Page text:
THE Murray Darling Association believes halting water recovery is not the solution.
MDA has reacted with concern to the new report which calls for a halt to all publicly funded water recovery through irrigation efficiency programs.
A group of 12 academics met in Adelaide on Monday and signed a document branded the Murray-Darling Declaration.
The group is also pushing for an audit of all basin water recovery and the planned Sustainable Diversion Limit adjustments, and the creation of an independent scientific body to monitor and advise on meeting the targets of the 2007 Water Act.
The academics said the Murray-Darling Basin Plan was failing to meet its environmental objectives and that for many water recovery infrastructure projects there was no scientific evidence they had increased stream flows.
Murray-Darling Association national president David Thurley said the declaration highlighted known issues with the plan but didn’t propose detailed solutions.
“The MDA would be deeply concerned about the economic impact of any halt to publicly funded water recovery associated with irrigation infrastructure subsidies/grants,” he said.
“The signatories to the Murray Declaration represent a collective of substantial knowledge across the individual signatories, and significant institutional capacity.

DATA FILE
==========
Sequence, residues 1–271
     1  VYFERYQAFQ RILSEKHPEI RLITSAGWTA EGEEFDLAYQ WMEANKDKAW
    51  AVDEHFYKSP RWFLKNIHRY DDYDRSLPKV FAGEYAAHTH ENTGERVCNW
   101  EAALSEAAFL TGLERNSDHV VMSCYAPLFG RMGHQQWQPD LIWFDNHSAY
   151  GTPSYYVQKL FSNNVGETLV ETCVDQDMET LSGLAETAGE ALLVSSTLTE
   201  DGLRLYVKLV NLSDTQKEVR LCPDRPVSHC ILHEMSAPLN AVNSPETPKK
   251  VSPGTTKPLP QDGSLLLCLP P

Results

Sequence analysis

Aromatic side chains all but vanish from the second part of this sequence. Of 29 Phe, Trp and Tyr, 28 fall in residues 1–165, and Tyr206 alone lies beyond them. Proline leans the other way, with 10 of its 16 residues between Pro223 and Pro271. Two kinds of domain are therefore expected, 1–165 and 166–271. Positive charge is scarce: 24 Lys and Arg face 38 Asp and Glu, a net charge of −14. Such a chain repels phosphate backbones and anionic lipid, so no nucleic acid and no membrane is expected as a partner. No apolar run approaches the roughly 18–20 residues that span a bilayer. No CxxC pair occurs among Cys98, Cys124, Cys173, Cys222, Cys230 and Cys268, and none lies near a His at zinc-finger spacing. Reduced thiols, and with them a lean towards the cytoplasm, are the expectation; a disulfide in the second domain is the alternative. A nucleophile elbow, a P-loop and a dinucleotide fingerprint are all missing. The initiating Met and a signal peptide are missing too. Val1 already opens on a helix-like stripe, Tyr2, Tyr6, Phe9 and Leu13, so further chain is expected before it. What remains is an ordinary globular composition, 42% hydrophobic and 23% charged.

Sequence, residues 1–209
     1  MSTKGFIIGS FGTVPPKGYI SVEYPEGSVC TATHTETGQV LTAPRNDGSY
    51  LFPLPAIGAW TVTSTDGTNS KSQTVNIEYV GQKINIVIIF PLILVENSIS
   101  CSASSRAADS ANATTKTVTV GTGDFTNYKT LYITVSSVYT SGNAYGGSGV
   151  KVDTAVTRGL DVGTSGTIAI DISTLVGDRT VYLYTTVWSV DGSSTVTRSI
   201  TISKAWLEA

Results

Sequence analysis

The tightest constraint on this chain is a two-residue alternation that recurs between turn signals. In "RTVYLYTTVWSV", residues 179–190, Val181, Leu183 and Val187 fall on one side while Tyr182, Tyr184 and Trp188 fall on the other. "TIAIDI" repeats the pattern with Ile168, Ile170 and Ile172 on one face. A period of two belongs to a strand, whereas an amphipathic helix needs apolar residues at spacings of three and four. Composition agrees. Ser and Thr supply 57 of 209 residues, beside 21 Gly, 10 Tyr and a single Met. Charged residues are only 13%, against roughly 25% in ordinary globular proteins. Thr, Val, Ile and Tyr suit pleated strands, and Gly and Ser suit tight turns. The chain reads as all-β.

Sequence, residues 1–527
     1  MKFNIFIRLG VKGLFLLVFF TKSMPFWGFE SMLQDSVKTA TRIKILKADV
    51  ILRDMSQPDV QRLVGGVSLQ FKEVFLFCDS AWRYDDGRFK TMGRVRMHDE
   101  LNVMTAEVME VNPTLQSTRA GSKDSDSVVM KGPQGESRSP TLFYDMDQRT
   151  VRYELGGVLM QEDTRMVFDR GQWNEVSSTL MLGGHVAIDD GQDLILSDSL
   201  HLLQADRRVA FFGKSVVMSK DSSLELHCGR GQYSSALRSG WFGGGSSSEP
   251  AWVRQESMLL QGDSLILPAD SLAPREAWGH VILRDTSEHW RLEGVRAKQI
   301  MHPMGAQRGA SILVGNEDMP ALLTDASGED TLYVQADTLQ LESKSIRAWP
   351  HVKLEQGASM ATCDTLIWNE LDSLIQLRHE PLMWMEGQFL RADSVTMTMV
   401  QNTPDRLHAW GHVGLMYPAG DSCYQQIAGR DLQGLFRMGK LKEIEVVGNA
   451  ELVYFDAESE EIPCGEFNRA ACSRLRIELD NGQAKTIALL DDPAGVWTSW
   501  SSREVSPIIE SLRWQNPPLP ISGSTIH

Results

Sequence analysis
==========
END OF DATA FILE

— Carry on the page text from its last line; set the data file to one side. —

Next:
‘‘We would like to encourage the signatories to collaborate with impacted communities to identify constructive solutions.”
Cr Thurley said while the MDA shared the view that some of the projects underpinning the Sustainable Diversion Limit adjustment lacked detail, it was broadly supportive of the suite of supply measure projects.
He said all such projects would need to be developed and implemented in close consultation with local government and communities.
“The MDA represents local government and can provide comprehensive feedback on the impacts in communities, so we would encourage responsible governments and agencies to collaborate more closely with us,” he said.